Yoga and My Jewish Sensibilities

By: Rachel S.

In the spring of this year I underwent arthroscopic hip surgery to repair a torn labrum. As an athlete accustomed to a variety of activities, this year was a year on the shelf. A couple months after finishing physical therapy, I enrolled in a local yoga studio which has helped improve flexibility, fascia tissue tightness, and general body maintenance. On my fourth week of yoga I went to a morning class with an instructor I liked who had helped me modify poses to reduce stress on the hips. This class however was slightly different. I noticed a candle on the floor arranged amid a glass petal-like dish that represented the lotus (what exactly is a lotus?), and there was a whiteboard with words spelled out, presumably from Sanskrit. The instructor explained the words and impressed upon us how they were from a 3,000 year-old prayer which was still in use today. At least I think she meant to impress us, although I was only mildly intrigued. As someone with a connection to a 4,000 year-old religion, the concept of ancient practice in modern life is not foreign. She continued to explain that it had originally been used for sun worship. When she mentioned something about the seven shakras and Indian gods, I could feel my inner-self rising slightly in protest.

The yoga instructor started the class with ten minutes of chanting the mantras and proceeded to add mantras to our poses and breathing. I only half participated in the chanting and felt annoyed by the lack of hip openers. I contemplated whether this was a form of idol worship—a big biblical no-no. At a fundamental level in a different time or place it certainly would be. But in a Pawtucket warehouse turned yoga studio and meditation center? None of us were actually engaging in worship. Was I being ridiculous? The biblical words of a jealous God surfaced in my brain. I imagined explaining to the instructor with the other yogis listening in, “Excuse me, but I serve a jealous God.” I considered that the three cardinal transgressions in Judaism are murder, incest, and idol worship (i.e.: the worship of people or other gods.) I wondered if this concept was due to the penchant for old time pagans to engage in human sacrifice or strange sexual behavior. Today, would my participation in a church service or yoga class really equate with the killing of another human being? I was sitting in a yoga studio which bases itself on openness, tolerance, and peace and I was feeling a large degree of discomfort.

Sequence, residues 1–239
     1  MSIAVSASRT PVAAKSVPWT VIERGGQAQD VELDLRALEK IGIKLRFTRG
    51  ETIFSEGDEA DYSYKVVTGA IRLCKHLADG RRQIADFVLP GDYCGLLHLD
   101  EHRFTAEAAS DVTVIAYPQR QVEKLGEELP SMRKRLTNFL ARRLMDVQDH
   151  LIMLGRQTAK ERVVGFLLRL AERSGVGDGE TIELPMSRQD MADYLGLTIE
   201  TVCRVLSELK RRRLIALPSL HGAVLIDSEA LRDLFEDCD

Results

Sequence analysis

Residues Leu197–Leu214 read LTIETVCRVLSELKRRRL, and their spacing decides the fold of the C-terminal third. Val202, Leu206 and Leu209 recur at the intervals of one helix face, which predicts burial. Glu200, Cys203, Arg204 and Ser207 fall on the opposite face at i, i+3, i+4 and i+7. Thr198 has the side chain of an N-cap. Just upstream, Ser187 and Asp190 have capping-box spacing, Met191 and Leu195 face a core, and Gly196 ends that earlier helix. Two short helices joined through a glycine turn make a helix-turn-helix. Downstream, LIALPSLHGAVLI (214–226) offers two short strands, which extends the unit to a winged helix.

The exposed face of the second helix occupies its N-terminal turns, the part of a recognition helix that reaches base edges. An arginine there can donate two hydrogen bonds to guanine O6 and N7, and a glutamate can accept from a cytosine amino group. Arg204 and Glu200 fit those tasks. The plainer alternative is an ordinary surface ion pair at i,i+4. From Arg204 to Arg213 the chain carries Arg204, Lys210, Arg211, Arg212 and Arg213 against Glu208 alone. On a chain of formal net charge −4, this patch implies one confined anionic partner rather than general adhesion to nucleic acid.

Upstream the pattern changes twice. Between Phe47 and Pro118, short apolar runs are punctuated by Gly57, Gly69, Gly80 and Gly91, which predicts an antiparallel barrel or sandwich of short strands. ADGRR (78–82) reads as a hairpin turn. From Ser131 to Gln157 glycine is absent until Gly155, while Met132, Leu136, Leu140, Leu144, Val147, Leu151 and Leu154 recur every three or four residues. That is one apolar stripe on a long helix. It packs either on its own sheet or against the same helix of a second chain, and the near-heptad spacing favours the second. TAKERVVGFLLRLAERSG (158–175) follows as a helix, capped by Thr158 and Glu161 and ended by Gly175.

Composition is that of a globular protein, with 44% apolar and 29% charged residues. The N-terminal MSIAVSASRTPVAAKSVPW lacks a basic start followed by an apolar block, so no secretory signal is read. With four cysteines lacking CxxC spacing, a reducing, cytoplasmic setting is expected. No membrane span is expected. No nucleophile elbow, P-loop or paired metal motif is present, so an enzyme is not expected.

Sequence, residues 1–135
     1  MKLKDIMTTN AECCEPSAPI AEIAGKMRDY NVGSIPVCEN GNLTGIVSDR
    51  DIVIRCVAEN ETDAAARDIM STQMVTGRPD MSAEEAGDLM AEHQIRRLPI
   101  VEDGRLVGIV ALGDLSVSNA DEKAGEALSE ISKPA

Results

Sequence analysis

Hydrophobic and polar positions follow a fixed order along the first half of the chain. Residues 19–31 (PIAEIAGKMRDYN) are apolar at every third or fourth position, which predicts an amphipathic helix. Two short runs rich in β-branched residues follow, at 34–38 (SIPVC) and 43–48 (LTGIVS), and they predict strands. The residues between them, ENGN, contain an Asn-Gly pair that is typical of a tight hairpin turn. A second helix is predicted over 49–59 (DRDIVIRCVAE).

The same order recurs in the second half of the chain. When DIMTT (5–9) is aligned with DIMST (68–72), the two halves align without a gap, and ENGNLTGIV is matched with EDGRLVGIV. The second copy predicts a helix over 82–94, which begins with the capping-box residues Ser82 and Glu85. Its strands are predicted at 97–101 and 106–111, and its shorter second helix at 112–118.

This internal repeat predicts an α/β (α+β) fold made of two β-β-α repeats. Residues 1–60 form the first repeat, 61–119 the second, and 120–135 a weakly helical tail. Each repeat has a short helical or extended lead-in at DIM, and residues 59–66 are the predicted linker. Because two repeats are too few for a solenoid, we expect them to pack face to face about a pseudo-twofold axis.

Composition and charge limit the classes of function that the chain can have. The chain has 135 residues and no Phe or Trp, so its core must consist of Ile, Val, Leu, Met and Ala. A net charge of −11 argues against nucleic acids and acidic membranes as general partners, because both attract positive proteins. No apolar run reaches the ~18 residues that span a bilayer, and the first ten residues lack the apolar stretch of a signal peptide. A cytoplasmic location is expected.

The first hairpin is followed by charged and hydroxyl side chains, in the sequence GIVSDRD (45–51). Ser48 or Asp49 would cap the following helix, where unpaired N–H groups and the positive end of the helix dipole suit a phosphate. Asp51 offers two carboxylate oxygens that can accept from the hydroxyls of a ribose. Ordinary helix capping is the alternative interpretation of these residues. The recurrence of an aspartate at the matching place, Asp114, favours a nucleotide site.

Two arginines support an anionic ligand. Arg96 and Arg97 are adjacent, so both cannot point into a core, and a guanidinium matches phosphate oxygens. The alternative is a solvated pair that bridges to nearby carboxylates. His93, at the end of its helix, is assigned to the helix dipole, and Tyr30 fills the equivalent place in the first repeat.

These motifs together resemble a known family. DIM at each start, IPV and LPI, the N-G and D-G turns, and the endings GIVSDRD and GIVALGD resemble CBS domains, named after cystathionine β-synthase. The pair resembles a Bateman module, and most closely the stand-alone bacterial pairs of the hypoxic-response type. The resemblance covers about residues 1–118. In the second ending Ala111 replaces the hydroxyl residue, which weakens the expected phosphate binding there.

To provide some context, I am not unfamiliar with eastern forms of activity or medical practice. I have practiced yoga on and off for six years and I have used acupuncture as part of my hip therapy. I also did Tae Kwon throughout high school. In each class, while pairing up with partners for sparring, students must bow to each other as a sign of respect. I considered it a Korean handshake, though I typically only bowed with my upper body and slight incline of the head in contrast to some of the deep bows from the waist that others performed. As someone with a strong connection to the Jewish tradition and the Kadosh Baruch Hu, I respect the existence of other ancient cultures that date back thousands of years with their own sages and sagas (as long as there’s no proselytizing or killing nonsense). Yet what is mine is mine and what is theirs is theirs. I have no inclination to leave my own backyard in search of spirituality and belonging in eastern religions and philosophies, as a portion of my brethren seem to be doing.

At the conclusion of class, we were told to gather near the candle and focus on our breath and the light, letting the luminosity within shine. I ignored the candle and focused on my breathing. When I left the studio I politely thanked her, deciding that I would simply check beforehand to see whether mantras would be part of her next class.

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